Slaves, Sailors, Citizens
African Americans in the Union Navy
Steven J. Ramold
"Fascinating.... No previous historian has explored this topic so thoroughly or so persuasively."—TLS
"This highly readable book offers important insights into an understudied aspect of the African American experience.... Ramold should be congratulated."
—Military History of the West
"An excellent record. A first-rate book ... greatly contributes to American, African American, and American military historiographies."—The Historian
As many as one in six Union navy sailors was African American, many of them former slaves. This richly detailed history shows that the free blacks and "contraband" slaves who joined the U.S. Navy during the Civil War were essential to Northern victories at sea. Through their role in preserving the Union, they helped to win recognition for African Americans as full citizens.
African Americans joined the U.S. Navy from the first days of the war and soon demonstrated to a skeptical Northern population that they would fight for their freedom. Faced with the hazards of battle, African American sailors performed with great heroism, and several earned the nation's highest military tribute, the Medal of Honor. Their service in the navy paved the way for their wider employment in the U.S. Army.
Despite the lack of official records on the subject, Ramold has combed through mountains of memoirs, court documents, pension reports, and other sources to discover the true magnitude of African Americans' contribution to the naval effort. The book presents a vivid description of the lives of these sailors from enlistment to discharge, telling the story as much as possible in the words of the sailors themselves. A dozen rare photographs illustrate the range of African American service.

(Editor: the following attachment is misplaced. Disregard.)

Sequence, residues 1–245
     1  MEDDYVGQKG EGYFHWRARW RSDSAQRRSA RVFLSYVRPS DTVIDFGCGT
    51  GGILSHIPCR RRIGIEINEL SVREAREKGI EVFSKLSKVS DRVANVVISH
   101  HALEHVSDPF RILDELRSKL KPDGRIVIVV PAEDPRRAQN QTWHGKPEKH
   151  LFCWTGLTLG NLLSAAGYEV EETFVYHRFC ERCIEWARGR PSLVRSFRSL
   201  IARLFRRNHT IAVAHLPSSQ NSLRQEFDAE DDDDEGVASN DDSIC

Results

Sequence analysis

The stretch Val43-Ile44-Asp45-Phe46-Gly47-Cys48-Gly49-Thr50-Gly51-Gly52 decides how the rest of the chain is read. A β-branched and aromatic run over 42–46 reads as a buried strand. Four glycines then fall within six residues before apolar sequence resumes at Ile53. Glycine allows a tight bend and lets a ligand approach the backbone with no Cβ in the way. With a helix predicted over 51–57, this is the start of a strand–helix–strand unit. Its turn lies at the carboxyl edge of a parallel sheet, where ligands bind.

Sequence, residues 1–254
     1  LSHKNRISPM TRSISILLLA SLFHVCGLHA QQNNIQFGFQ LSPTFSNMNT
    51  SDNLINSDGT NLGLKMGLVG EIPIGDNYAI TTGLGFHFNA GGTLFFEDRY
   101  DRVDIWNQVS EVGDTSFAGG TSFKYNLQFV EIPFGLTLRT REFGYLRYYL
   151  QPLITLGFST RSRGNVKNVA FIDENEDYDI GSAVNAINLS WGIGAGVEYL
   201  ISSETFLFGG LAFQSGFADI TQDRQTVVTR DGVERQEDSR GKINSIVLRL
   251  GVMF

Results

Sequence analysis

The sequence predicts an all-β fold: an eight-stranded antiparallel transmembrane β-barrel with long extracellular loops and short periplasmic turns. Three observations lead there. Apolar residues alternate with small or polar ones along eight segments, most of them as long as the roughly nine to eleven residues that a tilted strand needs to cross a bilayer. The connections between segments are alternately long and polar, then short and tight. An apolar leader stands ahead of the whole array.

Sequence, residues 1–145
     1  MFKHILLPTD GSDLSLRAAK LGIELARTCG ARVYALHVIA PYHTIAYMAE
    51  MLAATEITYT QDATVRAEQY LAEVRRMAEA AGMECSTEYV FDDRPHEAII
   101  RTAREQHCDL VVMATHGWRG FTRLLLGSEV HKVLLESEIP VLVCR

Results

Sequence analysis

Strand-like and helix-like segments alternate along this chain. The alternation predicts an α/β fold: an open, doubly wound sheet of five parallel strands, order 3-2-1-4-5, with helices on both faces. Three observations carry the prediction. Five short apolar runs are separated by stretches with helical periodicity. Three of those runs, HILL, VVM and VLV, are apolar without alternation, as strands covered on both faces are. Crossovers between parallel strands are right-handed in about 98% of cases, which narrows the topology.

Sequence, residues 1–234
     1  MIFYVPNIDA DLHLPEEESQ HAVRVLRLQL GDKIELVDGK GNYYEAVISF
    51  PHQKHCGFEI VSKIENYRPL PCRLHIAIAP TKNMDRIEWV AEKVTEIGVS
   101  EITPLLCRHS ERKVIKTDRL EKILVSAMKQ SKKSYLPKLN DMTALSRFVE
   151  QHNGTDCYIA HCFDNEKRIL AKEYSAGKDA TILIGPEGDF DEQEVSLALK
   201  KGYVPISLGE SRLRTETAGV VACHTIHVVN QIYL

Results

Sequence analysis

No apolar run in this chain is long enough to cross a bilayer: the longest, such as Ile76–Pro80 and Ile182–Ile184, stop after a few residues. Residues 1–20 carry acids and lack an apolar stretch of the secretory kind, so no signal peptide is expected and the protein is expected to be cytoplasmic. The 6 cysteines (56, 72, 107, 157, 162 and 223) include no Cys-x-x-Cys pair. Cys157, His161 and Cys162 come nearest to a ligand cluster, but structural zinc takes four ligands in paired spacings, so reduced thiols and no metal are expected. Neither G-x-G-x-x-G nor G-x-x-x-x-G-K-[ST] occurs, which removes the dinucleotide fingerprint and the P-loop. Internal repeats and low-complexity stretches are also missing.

Ramold demonstrates that the navy, from necessity and from tradition, treated African Americans in its ranks far more equitably than did the army or any other public institution in antebellum America. Decades later, black sailors would be consigned to work in the mess hall, but in the Civil War era they fought side by side with white sailors, were treated equally in courts-martial, and received the same pay and benefits. Slaves, Sailors, Citizens allows us to rediscover these largely forgotten heroes, whose story can now take its rightful place in the history of the war and in the struggle of slaves and free blacks to become citizens.
(2001) 262 pp., illus.
Steven J. Ramold is Assistant Professor of American History at Virginia State University.
Table of Contents
1. "America Has Such Tars": African American Sailors before the Civil War
2. "The Wants of the Service": The Politics of African American Enlistment
3. A Unique Set of Men: The Demographics of African American Sailors
4. "Sick of the Sea": Everyday Life in the Union Navy
5. "Energetically and Bravely—None More So": African American Sailors in Combat
6. Before the Bench: African American Sailors in the Navy Criminal Justice System
7. One Who Was There: Charles B. Fisher, United States Navy
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